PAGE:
Hazardous Sites and Substances in Minnesota
The 3M Cottage Grove Facility and Perfluorochemicals

On this page:
Introduction
How were PFCs released on site?
Where is the PFC contamination now?
What do we know about PFCs? Are they harmful?
Have people been exposed in the past?
What does MDH recommend?
For more information
Additional information on the Web

Introduction
The 3M Company produced perfluorochemicals (PFCs) at its Cottage Grove facility from the late 1940's until 2002. Perfluorooctanoic acid (PFOA) was the main type of PFC made at this site. PFOA is used in the making of products that resist heat, oil, stains, grease and water. Common uses include nonstick cookware, stain-resistant carpets and fabrics, and other industrial applications.

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How were PFCs released on site?
For a time, wastes from the production process were disposed on site in a specially prepared pit; there may be other disposal sites as well. The water treatment plant on site that processed water from production activities did not remove PFCs, so PFCs were in the waste water that went into the Mississippi River. Some sludge left over from the water treatment process also contained PFCs and was disposed on site. On the west side of the site, firefighting foams containing PFCs were used in training exercises. PFCs may also have been released into the air.

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Where is the PFC contamination now?
Preliminary environmental testing shows that the groundwater beneath the 3M Cottage Grove site is contaminated with PFOA, a related chemical, perfluorooctane sulfonate (PFOS), and other PFCs. In some areas, the levels of PFOA and PFOS exceed the Minnesota Department of Health (MDH) drinking water criteria. More testing needs to be done to define the extent of contamination. However, testing of the water from four residential drinking water wells just to the east of the facility did not find either chemical. These wells are deep and not "downstream" from the contamination.

An extensive system of wells contains and collects much of the groundwater from under the site so that the wastewater treatment plant can process it. Recently, a large granular activated carbon filter was added to the plant to remove PFCs from the water before it goes into the river. Shallow groundwater near the disposal pit is not collected by the well system and may still allow PFCs to enter the river.

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What do we know about PFCs? Are they harmful?
PFOA and PFOS are very stable chemicals that do not change or break down in the environment. There are a few studies indicating that PFCs easily enter groundwater and move long distances. Some experts also suggest that during the years of PFC production, PFCs in air emissions from the facility could have deposited on soil and leached into the groundwater.

The PFC family of chemicals is relatively new and there are not many studies of health effects in people. In animals, high concentrations of PFCs cause harm to the liver and other organs. Exposures to high concentrations of PFOA over a long period of time also cause cancer in animals. Developmental problems have been seen in the offspring of rats exposed to PFCs while pregnant.

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Have people been exposed in the past?
Workers at the facility were exposed to PFCs in the course of their work and also through the facility's water supply. 3M has been monitoring PFCs in the workers' blood since the 1970's. Epidemiological studies of these workers show no impact of PFCs on worker mortality.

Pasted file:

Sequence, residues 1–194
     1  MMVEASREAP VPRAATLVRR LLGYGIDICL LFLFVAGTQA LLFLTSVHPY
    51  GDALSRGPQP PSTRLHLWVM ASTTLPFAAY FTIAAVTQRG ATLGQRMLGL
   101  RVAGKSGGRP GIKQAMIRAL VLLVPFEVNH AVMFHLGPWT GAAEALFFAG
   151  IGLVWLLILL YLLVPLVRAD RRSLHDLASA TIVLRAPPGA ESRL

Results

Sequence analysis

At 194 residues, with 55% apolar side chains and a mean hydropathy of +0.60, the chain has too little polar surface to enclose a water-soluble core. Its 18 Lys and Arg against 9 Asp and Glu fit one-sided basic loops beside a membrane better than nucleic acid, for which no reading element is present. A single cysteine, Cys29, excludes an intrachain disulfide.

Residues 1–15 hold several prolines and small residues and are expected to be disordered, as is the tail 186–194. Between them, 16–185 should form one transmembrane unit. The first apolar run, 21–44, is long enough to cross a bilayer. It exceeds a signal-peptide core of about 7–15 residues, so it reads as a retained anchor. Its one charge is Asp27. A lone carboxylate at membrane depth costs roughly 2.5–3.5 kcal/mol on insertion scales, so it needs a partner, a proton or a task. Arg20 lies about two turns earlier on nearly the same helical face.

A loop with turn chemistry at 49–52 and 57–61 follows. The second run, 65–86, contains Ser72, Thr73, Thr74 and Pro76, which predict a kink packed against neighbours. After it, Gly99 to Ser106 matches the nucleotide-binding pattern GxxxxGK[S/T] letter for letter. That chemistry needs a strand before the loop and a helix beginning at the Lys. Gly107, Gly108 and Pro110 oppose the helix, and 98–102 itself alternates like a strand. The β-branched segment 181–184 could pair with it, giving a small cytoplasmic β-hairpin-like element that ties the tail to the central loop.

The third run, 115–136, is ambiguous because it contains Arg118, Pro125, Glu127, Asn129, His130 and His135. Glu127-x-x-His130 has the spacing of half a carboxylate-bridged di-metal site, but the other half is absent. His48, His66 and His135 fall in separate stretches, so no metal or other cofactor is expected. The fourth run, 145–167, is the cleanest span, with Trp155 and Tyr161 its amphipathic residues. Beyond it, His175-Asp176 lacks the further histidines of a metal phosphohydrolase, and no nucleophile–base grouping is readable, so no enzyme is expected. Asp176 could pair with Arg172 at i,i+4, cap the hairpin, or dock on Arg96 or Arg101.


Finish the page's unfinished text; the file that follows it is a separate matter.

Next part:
There is no similar epidemiological information on PFCs in the general population. Studies do show that everyone has some PFCs in their blood, regardless of age. Concentrations of PFCs in the general population are many times less than that of the 3M workers. The way PFCs get into human blood is not known at this time. People could be exposed through food, water, use of commercial products or from the environment. PFCs stay in the human body for many years.

PFCs have also been found in the blood of several species of wildlife around the world; the highest concentrations are in bald eagles and mink in the midwestern U.S. Studies also show that PFOS bioconcentrates: large fish have more PFOS in their bodies than small fish.

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What does MDH recommend?
We cannot fully assess the impact of PFCs from the Cottage Grove facility on public health at this time. More testing of the soil, groundwater, surface water, sediments and biota is planned. Understanding the different pathways for human exposure to PFCs in the environment is critical. MDH will continue to work with the Minnesota Pollution Control Agency and 3M to collect environmental data and assess the public health impacts of this site.

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Printable information sheet: Perfluorochemicals and the 3M Cottage Grove Facility (PDF: 30KB/2 pages)

For more information
If you have questions, please contact us.

Additional information on the Web:

Health Consultation: 3M Chemolite: Perfluorochemical Releases at the 3M Cottage Grove Facility (PDF: 4,975KB/89 pages)
Minnesota Department of Health

Minnesota Pollution Control Agency: Perfluorochemicals

Environmental Protection Agency: Perfluorooctanoic Acid (PFOA) and Fluorinated Telomers

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This information sheet was prepared in cooperation with the U.S. Agency for Toxic Substances and Disease Registry.

Updated Thursday, December 15, 2011 at 08:42AM